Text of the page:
Barton Juvenile Defender Clinic
The Barton Juvenile Defender Clinic (JDC), a clinical offering of the Barton Child Law & Policy Center, is an in-house legal clinic dedicated to providing holistic legal representation for children in delinquency and status offense proceedings.
The Juvenile Defender Clinic is open to third-year law students who are admitted to practice law under Georgia's Third-Year Practice Act. Student attorneys represent child clients in juvenile court and provide legal advocacy in the areas of school discipline, special education, mental health, and public benefits, when such advocacy is derivative of a client’s juvenile court case. Students may also engage in research and participate in the development of public policy related to juvenile justice issues.
- To train law students to become skilled, ethical, and reform-minded professionals
- To provide highly effective representation to the clinic’s clients
- To teach law students how to think independently, synthesize facts and legal principles, and plan litigation strategies
- To improve an adolescent’s chance of becoming a productive citizen
- To develop a law student’s ability to analyze the substantive law and apply it to the practical courtroom experience
- To help law students understand the impact of the legal system on a community.
Student attorneys are to uphold the principles of juvenile defense attorneys. The goal is to advocate zealously for the client, focusing on the wishes of the youth, not the parents. Students are also expected to demonstrate professional responsibility and to develop oral and written advocacy skills during the course of the semester. Students will also develop practice management, a thoroughness of case analysis, and implementation and reflective skills.
"The time I spent at the clinic over the past year taught me more about what it means to be a practicing attorney than any law school class ever could. Yet, aside from the educational aspect, what makes the clinic such a wonderful experience is that the substance of the work is incredibly fulfilling." —Aaron Shapiro 08L
Fall 2014: Emily Adams 15L, Rachel Berman 15L, Christopher Cook 15L, Elizabeth Johnson 15L, Mangala Kanayson 15L, A'Nia Rasheed 15L, Dana Schulman 15L, Perisha Wallace 15L
Spring 2014: Kathryn M. Aiello 14L, David Glustrom 14L, Jodi Greenberg 14L, Michael Meyer 14L, Coulter Minix 14L, Courtney Newman 14L, JoAnna Smith 14L, Vivek Upadhya 14L
Fall 2013: Kathryn M. Aiello 14L, Megan E. Ballard 14L, Yu Hsuan (Allen) Chang 14L, Jamila Coleman 14L, Shaudi Elahi Khansari 14L, Michael S. Meyer 14L, Timur A. Navruzov 14L, Meredyth L. Yoon 14L
Summer 2013: Michael Winston 15L
Spring 2013: Meghan E. Claiborne 13L, Erica J. Eding 13L, James L. Felix 13L, Amanda L. Hodgson 13L, Emily Barry Hutchins 13L, Alan J. Payne 13L, Massiel N. Silva 13L, Richard Lee Strasburger, Jr. 13L
Fall 2012: Rachel Echemendia 13L, Frances Ellenbogen 13L, Jasmine Gibbs 13L, Laura Holland 13L, Geremy Johnson 13L, Shyamal Patel 13L, Robert Pendergrass 13L, Amanda Siefman 13L
Summer 2012: Alan Khedairy 14L
Spring 2012: Grace Akan 12L, Emma Brown-Bernstein 12L, Robert Chan 12L, Natalie Dana 12L, Emily Donohoe 12L, Linda Hardyman 12L, Molly Parmer 12L, Audrey Patten 12L, Denton Poteet, Tamara Schiff 12L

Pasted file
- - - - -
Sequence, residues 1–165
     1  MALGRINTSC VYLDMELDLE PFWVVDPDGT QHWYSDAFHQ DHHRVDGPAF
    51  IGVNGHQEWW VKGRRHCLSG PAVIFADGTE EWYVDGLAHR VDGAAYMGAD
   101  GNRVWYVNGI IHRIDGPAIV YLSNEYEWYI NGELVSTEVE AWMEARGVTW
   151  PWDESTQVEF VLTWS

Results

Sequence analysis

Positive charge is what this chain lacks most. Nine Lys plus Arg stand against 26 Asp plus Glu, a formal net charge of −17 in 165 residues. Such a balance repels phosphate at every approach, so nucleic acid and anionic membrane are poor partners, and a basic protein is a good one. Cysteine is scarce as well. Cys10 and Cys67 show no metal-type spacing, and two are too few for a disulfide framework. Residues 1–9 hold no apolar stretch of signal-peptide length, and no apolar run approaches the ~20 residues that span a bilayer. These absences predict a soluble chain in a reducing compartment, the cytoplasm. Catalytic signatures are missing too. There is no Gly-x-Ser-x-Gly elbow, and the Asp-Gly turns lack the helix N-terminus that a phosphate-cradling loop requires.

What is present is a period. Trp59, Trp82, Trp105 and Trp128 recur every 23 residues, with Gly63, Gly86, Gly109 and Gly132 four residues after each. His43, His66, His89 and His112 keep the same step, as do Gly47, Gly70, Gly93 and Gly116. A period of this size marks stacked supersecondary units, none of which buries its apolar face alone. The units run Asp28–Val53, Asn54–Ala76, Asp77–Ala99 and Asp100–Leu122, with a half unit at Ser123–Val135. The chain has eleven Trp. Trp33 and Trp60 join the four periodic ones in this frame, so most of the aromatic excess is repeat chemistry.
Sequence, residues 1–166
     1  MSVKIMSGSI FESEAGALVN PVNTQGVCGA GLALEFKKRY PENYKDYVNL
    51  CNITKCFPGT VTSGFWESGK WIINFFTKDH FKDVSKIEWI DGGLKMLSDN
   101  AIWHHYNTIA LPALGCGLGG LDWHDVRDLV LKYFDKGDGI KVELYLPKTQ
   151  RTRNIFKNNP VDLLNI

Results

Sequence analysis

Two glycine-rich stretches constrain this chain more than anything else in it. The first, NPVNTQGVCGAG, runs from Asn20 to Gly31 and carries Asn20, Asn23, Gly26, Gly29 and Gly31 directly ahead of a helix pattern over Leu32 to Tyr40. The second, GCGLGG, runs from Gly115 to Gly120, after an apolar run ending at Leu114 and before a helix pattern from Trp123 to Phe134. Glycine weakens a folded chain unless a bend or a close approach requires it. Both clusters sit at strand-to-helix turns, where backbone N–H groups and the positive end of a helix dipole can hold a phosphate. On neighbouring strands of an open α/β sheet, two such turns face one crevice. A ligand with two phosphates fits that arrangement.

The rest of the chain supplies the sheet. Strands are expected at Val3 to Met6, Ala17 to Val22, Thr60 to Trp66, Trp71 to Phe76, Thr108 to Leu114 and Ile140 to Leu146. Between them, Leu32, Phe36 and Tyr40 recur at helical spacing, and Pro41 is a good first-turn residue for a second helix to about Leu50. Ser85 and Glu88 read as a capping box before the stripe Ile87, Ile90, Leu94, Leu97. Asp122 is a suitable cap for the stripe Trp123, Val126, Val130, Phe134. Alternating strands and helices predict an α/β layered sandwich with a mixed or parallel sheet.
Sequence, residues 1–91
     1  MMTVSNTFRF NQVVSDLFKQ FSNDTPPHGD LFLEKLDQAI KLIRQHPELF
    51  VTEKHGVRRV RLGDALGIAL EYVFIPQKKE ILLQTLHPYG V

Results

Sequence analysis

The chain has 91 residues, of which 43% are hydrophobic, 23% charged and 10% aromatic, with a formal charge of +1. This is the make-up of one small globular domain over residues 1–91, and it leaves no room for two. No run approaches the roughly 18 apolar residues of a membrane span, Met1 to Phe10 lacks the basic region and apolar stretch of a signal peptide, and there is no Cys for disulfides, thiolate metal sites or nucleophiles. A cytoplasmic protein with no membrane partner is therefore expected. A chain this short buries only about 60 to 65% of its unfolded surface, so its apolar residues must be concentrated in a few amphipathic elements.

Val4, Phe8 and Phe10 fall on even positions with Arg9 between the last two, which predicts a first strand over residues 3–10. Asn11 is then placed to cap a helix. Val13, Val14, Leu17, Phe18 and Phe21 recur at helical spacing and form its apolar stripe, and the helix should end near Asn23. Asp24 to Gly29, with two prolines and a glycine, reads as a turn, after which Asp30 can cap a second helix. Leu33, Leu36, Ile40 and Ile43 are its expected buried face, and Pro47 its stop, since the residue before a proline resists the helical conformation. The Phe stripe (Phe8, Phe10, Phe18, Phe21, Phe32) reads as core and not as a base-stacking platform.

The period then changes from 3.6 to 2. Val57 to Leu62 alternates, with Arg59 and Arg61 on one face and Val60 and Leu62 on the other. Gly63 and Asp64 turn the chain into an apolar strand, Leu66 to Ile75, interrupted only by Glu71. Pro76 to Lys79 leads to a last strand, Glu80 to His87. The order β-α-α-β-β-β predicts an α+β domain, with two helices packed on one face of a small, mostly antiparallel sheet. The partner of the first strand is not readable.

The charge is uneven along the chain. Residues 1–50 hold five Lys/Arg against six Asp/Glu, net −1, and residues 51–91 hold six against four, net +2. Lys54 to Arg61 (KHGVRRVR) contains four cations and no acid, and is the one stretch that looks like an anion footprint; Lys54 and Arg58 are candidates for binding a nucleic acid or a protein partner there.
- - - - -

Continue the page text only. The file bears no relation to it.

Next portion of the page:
Fall 2011: Emma Brown-Bernstein 12L, Robert Chan 12L, Rachel Gordon 12L, Liz Host 12L, Molly Parmer 12L, Ross Phillips 12L, Holly Sheffield 12L, Lindsay Van Houten 12L
Summer 2011: Katherine Jaenicke 12L, Tyler Keenan 13L
Spring 2011: Austin Hinkle 11L, Caleb Avraham 12L, Elizabeth Hall 11L, Emily Fedeles 11L, Erin Donohue 11L, Geeta Dharmappa 11L, Jenny Hernandez 11L, Jessica Lopez 11L, Molly Parmer 12L, Niji Jain 11L, Robert Chan 12L, Shankar Ramamurthy
Fall 2010: Jordan Cornett 12L, Sonya Diaz 12L, Erin Donohue 11L, Jessica Felfoldi 11L, Austin Hinkle 11L, Heather Little 12L, Jessica Lopez 11L, Monique McCoy-Keane 11L, Pam Rosen 10L, Lindsay Samuel 11L
Summer 2010: Ryan Richards 11L, Christina Shea 11L (Colorado Law), Emily Snyder 12L
Spring 2010: Sharonda Boyce 10L, Amanda Burns 10L, Greg Dewan 10L, Jason Esteves 10L, Reena Liebling 10L, Vanda Massa-Moniz 10L, Marcela Mateo 10L, Mark McCrone 10L, Walker McMillan 10L, Alyssa Parsons 10L, Kim Ramelow 10L
Fall 2009: Matthew Bouillon 10L, Sharonda Boyce 10L, Nicole Brisbane 10L, Willa Kalaidjian 10L, Walker McMillan 10L, Brandy Oakley 10L, Kim Ramelow 10L, Erica Tritt 10L
Summer 2009: Shannon Kyle 11L, Walker McMillan 10L
Spring 2009: Dianne Cuneo 09L, Jennifer Gibbs 09L, Megan Pulsts 09L, Mark Richardson 09L, Jessica Rosenthal 09L, Jonathan Weber 09L
Fall 2008: Danielle Barbour 09L, Ashley Chen 09L, Currey Hitchens 09L, Megan Pulsts 09L, Jessice Rosenthal 09L, Janine Willis 09L
Summer 2008: Jennifer Cox 10L, Chelsey Tulis 10L, Stefanie Winston 10L
Spring 2008: Catherine Brandt 08L, Adrea Chow 08L, Alison Schumach 08L, Aaron Shapiro 08L
Fall 2007: Chisom Ananaba 08L, Adrea Chow 08L, Ashanti Lilley 08L, Alison Schmauch 08L, Aaron Shapiro 08L
Summer 2007: Adrea Chow 08L, Shehzad Roopani 09L
Spring 2007: Esty Lobovits 07L, Montoya McGee 07L, Anna Mirshak 07L, Christina Soberon-Llort 07L, Nicole Corley (GSU MA in Social Work, 2007)
Fall 2006: Sarah Burton 07L, Janine Carson 07L, Rebekah Close LeMon 07L, Anna Mirshak 07L, Nicole Corley (GSU MA in Social Work, 2007)
Know Your Rights Program